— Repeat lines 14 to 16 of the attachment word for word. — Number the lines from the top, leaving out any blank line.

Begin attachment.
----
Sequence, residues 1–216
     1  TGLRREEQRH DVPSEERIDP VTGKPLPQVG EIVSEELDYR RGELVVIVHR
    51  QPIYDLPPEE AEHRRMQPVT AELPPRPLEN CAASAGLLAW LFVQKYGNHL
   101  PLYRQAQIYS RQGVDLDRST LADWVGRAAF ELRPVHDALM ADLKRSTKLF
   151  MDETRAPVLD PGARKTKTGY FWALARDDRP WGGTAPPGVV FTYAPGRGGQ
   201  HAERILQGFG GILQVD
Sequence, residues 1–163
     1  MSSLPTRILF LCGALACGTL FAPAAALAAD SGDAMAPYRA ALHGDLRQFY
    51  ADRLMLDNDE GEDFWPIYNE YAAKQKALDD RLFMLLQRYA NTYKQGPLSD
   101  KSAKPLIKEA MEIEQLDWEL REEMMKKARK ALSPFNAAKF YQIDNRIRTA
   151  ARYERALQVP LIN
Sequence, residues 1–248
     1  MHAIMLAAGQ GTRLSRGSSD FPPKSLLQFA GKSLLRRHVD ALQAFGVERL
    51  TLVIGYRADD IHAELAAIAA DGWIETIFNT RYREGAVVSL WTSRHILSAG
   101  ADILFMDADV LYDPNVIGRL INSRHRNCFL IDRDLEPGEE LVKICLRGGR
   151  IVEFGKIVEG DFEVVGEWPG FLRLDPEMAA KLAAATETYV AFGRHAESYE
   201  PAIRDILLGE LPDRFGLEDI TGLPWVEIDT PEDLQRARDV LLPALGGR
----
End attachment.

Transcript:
    51  TLVIGYRADD IHAELAAIAA DGWIETIFNT RYREGAVVSL WTSRHILSAG
   101  ADILFMDADV LYDPNVIGRL INSRHRNCFL IDRDLEPGEE LVKICLRGGR
   151  IVEFGKIVEG DFEVVGEWPG FLRLDPEMAA KLAAATETYV AFGRHAESYE